- I like to take care of others.
- I do not dare tell others the truth out of fear of hurting their feelings or what they will think of me.
- I am fully aware that I must commit to myself.
- I always find ways to reconcile my needs and those of others.
- I would never give up my true self no matter what anyone thinks or allow anyone to pretend to be someone they are not for me.
- I usually tell the truth without worrying about how others will react.
- I put myself first, the feelings of others are not important to me.
- I almost always offend people by speaking frankly.
The scale measures 3 dimensions. Items 1-3 represent distorted authenticity. In this scale people may think they are being nice and authentic when in reality they are not, they are feeding ego and a low self esteem. Items 4-6 represent balanced authenticity. In this scale people are able to express themselves freely and with respect. They don’t fear about fitting in. They take into account both their needs and those of others. Items 7-9 represent egocentric authenticity. In this scale people have an tendency to fall into selfishness and an absolute authoritarian attitude. They tend to only prioritize themselves without care about how they hurt others.
Maybe in the pasts you were docile, quiet, complacent; most of us tend to be this way growing up due to the expectations put on us and the great confusion of what politeness really entails. Of course behaving like that made us easier to get along and easier to control. We may have been good at adjusting to society where sometimes having a voice of your own can leave you feeling like an outcast. Having been treated this way may have left us with a certain fear or reluctance to show our authentic self. Our authentic self knows that showing our real “I”, having our own voice, be able to express exactly how we feel is essential to our integrity… yet despite this we tell ourselves various excuses to make the fact that we hide who we are okay. We may even delude ourselves as having integrity when in reality it is all a façade. In order to start building integrity it is require to show oneself exactly as one is, with all the good and bad. Having integrity isn’t about not having shortcomings or hiding them, and that is the point we as society need to drive home. We need to work on strength to stop fearing being rejected by anyone who doesn’t want to accept us for bein REAL. We need to stop fearing antagonizing others by simply being ourselves or hiding our opinions in order to be popular. If we don’t learn to show ourselves exactly as we are; good and bad; then our quest for authenticity and real integrity is already lost as we then become our emotional sniper. Buying into the delusion that what matters most is to fit in, makes us victims to our own child like ignorance. Ultimately hiding who we really are and how we really feel is the highest price you will ever pay in order to be accepted, when in reality the only person being accepted isn’t you but the image you have created. Showing ourselves exactly as we are, as we think and feel, is not an act of aggression quite the opposite. Being authentic delimits borders and generates more genuine, healthy and dignified relationships.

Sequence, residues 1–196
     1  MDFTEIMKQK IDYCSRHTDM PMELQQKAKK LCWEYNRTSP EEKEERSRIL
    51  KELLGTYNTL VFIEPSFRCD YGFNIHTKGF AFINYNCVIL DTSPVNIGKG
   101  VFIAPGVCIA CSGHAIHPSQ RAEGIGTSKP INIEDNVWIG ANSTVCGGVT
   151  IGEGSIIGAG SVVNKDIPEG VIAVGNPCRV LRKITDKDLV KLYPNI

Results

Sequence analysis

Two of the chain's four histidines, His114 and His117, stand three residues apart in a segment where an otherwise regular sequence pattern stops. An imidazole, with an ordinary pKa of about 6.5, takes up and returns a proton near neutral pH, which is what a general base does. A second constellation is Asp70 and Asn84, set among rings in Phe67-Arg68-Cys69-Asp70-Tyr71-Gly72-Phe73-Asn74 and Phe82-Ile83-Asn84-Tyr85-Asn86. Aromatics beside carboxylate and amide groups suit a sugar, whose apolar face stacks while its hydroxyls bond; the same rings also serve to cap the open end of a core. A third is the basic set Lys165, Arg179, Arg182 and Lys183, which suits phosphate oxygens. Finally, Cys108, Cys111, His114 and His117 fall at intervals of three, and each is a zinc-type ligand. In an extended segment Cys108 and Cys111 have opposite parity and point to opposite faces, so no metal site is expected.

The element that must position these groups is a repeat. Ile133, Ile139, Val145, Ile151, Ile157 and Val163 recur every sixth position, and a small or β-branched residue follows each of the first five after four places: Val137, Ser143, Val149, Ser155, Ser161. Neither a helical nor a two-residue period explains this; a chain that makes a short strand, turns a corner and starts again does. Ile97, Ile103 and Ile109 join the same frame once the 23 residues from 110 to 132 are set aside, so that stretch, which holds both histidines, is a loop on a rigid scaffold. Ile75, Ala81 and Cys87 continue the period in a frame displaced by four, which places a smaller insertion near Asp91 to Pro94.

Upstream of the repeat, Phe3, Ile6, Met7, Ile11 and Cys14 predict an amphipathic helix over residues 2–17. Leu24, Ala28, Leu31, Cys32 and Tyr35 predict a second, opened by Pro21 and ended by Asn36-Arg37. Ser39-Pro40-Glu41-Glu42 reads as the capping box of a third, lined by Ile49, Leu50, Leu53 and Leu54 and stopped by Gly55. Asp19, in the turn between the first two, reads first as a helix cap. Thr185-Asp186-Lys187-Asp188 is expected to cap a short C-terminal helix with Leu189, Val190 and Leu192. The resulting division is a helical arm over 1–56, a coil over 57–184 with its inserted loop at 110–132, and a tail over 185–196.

In conclusion, we need to learn to practice balanced authenticity where honesty is combined with respect, freedom with affiliation and self esteem with a couple’s own growth as human beings and partners. Balanced authenticity is really something to be practice in all areas of our lives, where there is no room or point to act docile, congenial, submissive, overly friendly, but bright, with character, UNIQUE and of course marvellous which we all are in our own way, if only we allow ourselves to shine by being exactly who we are!.
“One must know oneself. Even if this does not serve to discover the whole truth, at least it is a useful rule of life, and therefore there is nothing better”.